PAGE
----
Odorous TMA is produced by microbes such as ocean-dwelling bacteria. Individuals suffering from Trimethylaminuria (TMAU) have malfunctioning enzyme flavin containing monooxygenase 3 (FMO3; 136132) and are unable to efficiently convert choline-derived trimethylamine into trimethylamine oxide. Trimethylamine then accumulates and is released in sweat, urine, and breath, giving off a strong fishy odor.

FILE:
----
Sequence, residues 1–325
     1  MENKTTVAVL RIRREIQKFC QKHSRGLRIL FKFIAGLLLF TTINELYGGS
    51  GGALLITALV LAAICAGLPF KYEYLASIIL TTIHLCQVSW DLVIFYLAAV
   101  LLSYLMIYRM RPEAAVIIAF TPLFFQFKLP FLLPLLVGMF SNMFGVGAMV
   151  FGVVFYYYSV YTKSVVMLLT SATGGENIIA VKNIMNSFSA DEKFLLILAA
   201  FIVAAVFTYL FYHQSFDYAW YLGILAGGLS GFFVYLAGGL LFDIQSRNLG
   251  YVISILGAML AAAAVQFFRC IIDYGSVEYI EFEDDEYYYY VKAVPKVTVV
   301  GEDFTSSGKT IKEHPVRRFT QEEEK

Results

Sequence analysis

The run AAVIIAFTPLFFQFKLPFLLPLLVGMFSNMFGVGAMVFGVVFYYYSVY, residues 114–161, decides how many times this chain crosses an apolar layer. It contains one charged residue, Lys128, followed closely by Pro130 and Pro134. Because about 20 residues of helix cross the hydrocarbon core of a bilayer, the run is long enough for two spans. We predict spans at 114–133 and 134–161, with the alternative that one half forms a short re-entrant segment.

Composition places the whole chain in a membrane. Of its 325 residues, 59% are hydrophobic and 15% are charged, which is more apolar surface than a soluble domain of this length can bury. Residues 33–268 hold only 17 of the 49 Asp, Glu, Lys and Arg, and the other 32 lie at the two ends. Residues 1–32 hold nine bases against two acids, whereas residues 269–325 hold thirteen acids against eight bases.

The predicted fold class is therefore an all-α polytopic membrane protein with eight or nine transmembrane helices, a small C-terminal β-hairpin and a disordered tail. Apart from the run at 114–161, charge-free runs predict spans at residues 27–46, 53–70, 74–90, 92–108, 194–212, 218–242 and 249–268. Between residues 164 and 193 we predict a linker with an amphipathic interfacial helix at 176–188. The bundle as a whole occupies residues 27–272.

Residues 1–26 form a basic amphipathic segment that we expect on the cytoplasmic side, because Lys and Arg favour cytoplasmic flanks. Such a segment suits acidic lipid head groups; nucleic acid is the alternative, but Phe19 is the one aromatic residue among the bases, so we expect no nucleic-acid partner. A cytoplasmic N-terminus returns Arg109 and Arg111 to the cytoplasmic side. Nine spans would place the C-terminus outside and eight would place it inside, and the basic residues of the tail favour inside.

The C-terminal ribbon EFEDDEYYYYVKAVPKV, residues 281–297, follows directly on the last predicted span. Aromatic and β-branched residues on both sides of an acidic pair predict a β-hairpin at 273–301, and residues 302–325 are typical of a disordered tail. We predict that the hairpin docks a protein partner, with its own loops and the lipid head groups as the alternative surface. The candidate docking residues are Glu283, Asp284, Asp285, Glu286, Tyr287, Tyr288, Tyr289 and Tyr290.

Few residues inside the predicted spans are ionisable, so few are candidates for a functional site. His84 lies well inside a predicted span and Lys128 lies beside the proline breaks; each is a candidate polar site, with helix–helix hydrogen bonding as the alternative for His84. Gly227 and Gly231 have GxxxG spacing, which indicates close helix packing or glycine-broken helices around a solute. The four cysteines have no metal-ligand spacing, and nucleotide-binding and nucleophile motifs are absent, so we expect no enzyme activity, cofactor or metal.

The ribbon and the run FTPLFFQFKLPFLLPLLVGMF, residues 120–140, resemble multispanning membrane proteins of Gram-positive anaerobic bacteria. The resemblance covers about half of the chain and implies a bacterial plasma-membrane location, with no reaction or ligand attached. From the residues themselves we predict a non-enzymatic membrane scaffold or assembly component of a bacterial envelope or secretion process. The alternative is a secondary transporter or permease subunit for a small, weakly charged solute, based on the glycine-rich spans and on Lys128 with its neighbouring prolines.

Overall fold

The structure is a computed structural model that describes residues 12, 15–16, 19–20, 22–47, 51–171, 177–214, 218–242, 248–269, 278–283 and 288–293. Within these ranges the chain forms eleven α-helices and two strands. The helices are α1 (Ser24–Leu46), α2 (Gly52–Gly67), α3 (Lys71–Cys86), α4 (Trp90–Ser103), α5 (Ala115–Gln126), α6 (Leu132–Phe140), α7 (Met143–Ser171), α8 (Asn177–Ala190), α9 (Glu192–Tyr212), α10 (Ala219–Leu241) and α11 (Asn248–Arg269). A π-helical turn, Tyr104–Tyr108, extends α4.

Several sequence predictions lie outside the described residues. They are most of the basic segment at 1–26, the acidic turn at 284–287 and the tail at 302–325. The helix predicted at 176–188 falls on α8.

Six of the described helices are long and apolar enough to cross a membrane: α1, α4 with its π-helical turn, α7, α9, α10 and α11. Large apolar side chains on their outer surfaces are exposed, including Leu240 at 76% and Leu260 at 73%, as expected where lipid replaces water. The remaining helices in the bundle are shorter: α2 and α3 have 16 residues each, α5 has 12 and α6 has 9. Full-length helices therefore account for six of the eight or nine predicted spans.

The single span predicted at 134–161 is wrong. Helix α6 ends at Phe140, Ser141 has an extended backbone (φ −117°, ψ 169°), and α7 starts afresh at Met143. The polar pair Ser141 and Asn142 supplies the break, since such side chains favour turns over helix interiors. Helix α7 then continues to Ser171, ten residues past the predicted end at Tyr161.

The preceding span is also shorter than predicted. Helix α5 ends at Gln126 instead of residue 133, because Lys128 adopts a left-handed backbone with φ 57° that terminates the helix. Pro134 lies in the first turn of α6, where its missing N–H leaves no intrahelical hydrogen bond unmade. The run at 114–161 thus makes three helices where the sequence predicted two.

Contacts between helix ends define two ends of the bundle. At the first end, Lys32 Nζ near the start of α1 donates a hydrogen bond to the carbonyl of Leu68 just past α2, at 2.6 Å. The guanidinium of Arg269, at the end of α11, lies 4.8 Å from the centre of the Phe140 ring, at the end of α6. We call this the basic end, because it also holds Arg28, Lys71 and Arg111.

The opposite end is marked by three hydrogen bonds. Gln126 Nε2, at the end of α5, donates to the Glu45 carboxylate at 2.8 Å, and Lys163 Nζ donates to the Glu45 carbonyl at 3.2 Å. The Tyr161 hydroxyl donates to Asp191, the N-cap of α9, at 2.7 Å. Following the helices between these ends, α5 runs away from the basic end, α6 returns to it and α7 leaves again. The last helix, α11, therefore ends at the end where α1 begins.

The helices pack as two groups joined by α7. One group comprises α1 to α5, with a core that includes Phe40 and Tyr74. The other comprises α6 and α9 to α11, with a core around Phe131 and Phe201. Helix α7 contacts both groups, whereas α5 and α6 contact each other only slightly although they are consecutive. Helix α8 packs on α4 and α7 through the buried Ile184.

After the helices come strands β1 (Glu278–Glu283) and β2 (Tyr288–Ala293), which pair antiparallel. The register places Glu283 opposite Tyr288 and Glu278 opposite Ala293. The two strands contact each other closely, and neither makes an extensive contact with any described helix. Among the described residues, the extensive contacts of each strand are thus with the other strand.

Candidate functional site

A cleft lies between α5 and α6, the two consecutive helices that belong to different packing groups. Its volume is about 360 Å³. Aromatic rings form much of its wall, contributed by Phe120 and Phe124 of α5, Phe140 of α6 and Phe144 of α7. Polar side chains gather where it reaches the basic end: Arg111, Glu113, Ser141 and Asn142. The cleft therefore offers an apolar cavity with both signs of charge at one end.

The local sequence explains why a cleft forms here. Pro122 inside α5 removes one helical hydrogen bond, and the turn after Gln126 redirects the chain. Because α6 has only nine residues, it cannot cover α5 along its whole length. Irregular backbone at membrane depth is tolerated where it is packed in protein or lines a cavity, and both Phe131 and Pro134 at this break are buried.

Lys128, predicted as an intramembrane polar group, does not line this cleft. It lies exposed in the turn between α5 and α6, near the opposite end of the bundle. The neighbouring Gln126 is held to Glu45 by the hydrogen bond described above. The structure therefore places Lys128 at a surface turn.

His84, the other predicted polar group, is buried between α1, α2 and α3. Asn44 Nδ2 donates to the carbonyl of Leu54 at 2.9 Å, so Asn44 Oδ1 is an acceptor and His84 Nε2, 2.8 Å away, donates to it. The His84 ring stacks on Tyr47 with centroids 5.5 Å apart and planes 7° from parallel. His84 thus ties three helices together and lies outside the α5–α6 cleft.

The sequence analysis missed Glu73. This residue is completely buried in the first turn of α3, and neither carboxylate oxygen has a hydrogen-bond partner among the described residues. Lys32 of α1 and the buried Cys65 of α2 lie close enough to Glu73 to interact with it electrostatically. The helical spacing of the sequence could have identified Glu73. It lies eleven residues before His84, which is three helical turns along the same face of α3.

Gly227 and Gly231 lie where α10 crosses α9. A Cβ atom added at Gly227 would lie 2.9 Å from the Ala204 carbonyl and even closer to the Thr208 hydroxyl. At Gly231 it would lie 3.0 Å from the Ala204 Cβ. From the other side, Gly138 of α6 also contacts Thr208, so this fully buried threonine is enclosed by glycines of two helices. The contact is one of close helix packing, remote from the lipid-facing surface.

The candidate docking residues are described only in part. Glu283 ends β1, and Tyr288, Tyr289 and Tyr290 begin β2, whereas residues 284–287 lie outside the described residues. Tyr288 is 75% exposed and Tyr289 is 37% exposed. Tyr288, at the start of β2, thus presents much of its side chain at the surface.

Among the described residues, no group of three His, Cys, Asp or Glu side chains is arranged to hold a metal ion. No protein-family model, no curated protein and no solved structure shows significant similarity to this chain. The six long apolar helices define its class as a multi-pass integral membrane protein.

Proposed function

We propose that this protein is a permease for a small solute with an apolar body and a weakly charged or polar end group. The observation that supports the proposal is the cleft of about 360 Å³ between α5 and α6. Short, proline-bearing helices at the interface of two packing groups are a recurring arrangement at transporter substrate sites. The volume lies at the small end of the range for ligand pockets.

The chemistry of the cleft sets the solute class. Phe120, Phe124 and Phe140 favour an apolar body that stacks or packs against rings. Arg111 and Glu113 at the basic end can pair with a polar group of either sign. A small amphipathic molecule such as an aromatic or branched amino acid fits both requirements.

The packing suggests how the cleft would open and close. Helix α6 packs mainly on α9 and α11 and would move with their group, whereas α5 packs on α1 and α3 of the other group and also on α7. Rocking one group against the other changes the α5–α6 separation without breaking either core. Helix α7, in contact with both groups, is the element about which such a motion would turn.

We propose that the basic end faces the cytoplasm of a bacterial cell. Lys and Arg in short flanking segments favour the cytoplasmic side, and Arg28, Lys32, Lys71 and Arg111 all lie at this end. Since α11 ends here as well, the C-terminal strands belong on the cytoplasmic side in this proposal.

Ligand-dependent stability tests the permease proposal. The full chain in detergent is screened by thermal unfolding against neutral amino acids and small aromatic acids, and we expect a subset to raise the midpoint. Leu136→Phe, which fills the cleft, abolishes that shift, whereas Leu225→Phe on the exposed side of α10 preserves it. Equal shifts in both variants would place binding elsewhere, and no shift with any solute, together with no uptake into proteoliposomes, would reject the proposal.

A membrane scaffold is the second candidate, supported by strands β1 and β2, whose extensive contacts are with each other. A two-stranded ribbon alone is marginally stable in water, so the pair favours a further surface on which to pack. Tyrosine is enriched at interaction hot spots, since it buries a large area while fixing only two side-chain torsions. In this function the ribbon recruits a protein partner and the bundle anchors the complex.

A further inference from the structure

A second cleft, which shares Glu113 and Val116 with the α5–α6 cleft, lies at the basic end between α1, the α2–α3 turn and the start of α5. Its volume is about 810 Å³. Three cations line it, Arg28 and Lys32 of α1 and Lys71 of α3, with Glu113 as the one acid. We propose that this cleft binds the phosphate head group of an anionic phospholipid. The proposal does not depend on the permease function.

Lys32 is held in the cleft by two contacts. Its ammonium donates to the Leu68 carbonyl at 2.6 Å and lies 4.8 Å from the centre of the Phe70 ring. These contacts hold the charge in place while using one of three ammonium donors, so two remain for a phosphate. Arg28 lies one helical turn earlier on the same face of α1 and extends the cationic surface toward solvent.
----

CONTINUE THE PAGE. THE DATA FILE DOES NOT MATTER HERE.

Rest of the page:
Dimethylglycinuria or dimethylglycinemia is another condition responsible for rotten fish odor. It happens when another enzyme processing choline - Dimethylglycine dehydrogenase (DMGDH; EC 188.8.131.52) - is not properly functioning. Dimethylglycinuria leads to increased production of dimethylglycine (DMG) in blood and urine, but this metabolite does not seem to be the source of the odor.
One of the symptoms of infectious disease Cholera is "rice-water stool" diarrhea that smells "fishy."